Home / Treatments And Diseases / Heart Disease Heart Attack Coronary Artery Disease

Heart Disease Heart Attack Coronary Artery Disease

Regardless of injury, disease or fatigue our hearts beat 72 times a minute to meet the demands of our bodies. In 2005, 652,091 people died of heart disease, half of them were women, representing 27.1% of all U.S. deaths. Coronary heart disease accounted for 68.3% of those heart disease deaths.

Types of heart disease:

Coronary heart disease: is the most common cause of heart disease. Coronary arteries provide the heart with its own separate circulation. If coronary blood vessels are damaged or thickened with plaque from excess fat and cholesterol or narrowed from atherosclerosis oxygen is reduced and heart attacks can occur.

Angina or chest pain: occurs because the heart is not getting enough blood due to coronary artery disease.

Arrhythmias: prevent the heart chambers from filling properly and require specific treatments.

Hypertension: forces the heart to work harder against narrowed arteries causing the heart to enlarge and weaken leading to cardiomyopathy.

Cardiomyopathy: results in thickened walls of the heart or dilation of the internal chambers.

Aortic aneurysms: occur from the constant force of high blood pressure and risks rupture and death.

Valve disease: is the result of damage causing heart valves to not properly close. Blood backs up rather than being pushed forward each time the heart beats. If severe, congestive heart failure can occur.

Congestive heart failure: occurs when the heart cannot effectively pump blood to the body. Congestion causes fluid to seep into the surrounding tissues and lungs. Symptoms of shortness of breath, swelling in the extremities and paleness develop.

How is heart disease detected?

A routine check up with a doctor can reveal the beginnings of heart disease based on a physical exam, EKG, chest x-ray and lab work specifically checking cholesterol levels.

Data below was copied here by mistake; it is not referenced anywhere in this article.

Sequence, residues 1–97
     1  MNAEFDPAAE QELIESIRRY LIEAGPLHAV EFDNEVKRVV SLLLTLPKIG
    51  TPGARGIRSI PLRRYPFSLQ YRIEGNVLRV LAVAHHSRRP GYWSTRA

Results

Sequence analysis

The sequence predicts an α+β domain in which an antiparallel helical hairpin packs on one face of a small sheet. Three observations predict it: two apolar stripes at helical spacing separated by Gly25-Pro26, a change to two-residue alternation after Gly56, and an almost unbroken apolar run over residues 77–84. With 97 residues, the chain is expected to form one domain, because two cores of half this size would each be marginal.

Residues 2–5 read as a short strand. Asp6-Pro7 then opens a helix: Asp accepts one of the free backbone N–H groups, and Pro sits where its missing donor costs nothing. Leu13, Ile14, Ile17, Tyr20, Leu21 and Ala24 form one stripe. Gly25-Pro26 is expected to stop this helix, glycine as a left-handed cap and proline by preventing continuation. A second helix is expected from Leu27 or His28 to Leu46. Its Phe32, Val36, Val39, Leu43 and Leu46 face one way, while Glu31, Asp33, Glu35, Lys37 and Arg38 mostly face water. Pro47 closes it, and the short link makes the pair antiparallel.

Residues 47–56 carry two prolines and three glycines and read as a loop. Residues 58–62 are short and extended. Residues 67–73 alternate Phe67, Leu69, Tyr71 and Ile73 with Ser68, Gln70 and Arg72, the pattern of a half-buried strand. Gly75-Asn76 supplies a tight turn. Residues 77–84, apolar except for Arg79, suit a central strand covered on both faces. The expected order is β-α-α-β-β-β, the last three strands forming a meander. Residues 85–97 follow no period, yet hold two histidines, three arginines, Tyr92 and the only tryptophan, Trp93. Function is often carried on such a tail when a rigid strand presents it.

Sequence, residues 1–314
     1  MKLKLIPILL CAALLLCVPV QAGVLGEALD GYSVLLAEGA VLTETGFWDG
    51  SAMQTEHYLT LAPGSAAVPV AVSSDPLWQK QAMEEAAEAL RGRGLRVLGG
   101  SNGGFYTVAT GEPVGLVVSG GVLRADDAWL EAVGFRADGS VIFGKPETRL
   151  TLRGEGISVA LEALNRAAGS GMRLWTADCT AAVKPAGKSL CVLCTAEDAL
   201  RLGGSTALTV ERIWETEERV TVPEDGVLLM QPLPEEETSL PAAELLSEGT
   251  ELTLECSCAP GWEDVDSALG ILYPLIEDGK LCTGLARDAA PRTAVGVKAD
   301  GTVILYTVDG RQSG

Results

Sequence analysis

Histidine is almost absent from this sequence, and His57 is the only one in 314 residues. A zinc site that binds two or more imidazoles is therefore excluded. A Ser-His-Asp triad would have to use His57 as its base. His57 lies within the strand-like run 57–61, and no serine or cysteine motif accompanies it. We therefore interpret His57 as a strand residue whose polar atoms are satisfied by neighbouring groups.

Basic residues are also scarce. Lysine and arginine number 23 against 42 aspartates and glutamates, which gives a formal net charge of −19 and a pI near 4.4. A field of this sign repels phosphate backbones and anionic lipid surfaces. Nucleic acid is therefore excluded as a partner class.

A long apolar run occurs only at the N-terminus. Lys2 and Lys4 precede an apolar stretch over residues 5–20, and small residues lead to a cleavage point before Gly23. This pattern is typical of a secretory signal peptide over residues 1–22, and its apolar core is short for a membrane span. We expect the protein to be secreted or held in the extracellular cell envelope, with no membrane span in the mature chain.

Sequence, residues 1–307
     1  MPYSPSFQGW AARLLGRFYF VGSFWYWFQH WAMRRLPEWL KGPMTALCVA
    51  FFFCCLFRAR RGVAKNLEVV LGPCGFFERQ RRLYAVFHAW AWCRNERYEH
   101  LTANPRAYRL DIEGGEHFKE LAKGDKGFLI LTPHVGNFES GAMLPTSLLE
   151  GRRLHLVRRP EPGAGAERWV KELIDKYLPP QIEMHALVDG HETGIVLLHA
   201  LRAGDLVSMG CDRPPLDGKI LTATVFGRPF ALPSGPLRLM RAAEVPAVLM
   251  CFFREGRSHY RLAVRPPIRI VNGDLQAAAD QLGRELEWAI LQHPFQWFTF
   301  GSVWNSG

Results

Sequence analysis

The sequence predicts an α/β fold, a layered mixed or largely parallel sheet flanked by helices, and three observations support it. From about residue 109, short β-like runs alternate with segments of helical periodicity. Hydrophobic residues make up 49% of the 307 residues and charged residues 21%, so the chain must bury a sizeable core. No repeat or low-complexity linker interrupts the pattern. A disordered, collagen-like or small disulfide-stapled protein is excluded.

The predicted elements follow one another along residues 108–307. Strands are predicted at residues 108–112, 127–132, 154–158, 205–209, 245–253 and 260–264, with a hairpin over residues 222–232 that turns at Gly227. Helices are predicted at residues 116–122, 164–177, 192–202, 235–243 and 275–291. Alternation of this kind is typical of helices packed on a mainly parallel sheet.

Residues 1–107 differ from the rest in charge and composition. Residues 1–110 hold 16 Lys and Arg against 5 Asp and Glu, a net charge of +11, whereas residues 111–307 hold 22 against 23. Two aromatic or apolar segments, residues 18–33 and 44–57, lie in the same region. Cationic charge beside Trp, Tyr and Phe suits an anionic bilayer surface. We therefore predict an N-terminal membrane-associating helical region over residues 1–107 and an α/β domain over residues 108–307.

A stress test may be ordered to measure how hard the heart works when exercising. A nuclear stress test is used if the person cannot exercise then an injected isotope’s shows where blood flow is reduced revealed with a special camera.

A cardiac catherization is a special test where dye is injected through a catheter towards the heart. Flow to the coronary blood vessels is measured as well as the effective filling in the chambers of the heart.

Reviewing risk factors will indicate your likelihood of developing heart disease.

Risk factors:

High blood pressure

Elevated cholesterol levels

Diabetes

Obesity

Smoking

Lack of exercise Heredity or ethnicity may contribute.

African Americans and Indians have a significantly higher incidence of heart disease.

Treatments for heart disease:

Medications for high blood pressure, elevated cholesterol levels, directics for congestive heart failure and anticoagulant drugs are frequently prescribed for those with heart disease.

A heart attack is often the first sign indicating coronary artery disease. CPR and treatment with an AED and quick emergency treatment will allow special clot busting drugs to be administered.

Advanced treatments for obstruction of the coronary arteries help to save lives. If chest pain is due to narrowing of the coronary arteries then PTCA or balloon angioplasty can be performed. A small catheter with a special balloon tip is inserted in a large vein to reach the blocked artery. The balloon is inflated to open the narrowing and sometimes “a stent”, a cage like spacer can be placed to keep the artery open. If medications and other treatments are not successful, a surgery called a CABG- Coronary Artery Bypass Graft may be considered.

How to prevent and control heart disease:

1. Have blood pressure checked regularly. Take medications as prescribed, especially blood pressure, arrhythmia and cholesterol medications.

2. Lower cholesterol by eating a healthful diet that is low in saturated fat. Watch sodium intake and reduce your weight if needed.

3. If you have diabetes, follow your treatment plan closely. Diabetics have a much greater risk of dying from heart disease.

4. Stop smoking. Smokers have twice the risk of developing a heart attack

5. Increased exercise to 30 minutes a day to reduce other risk factors of heart disease.

6. If you drink, consume less alcohol. Alcohol raises blood pressure and triglyceride levels.

Heart disease not only can cause death but can create a major form of disability affecting one’s quality of life. Adhering to a plan to reduce risk and improve heart health will increase one’s chances of living a longer more active life and enjoying family activities for years to come.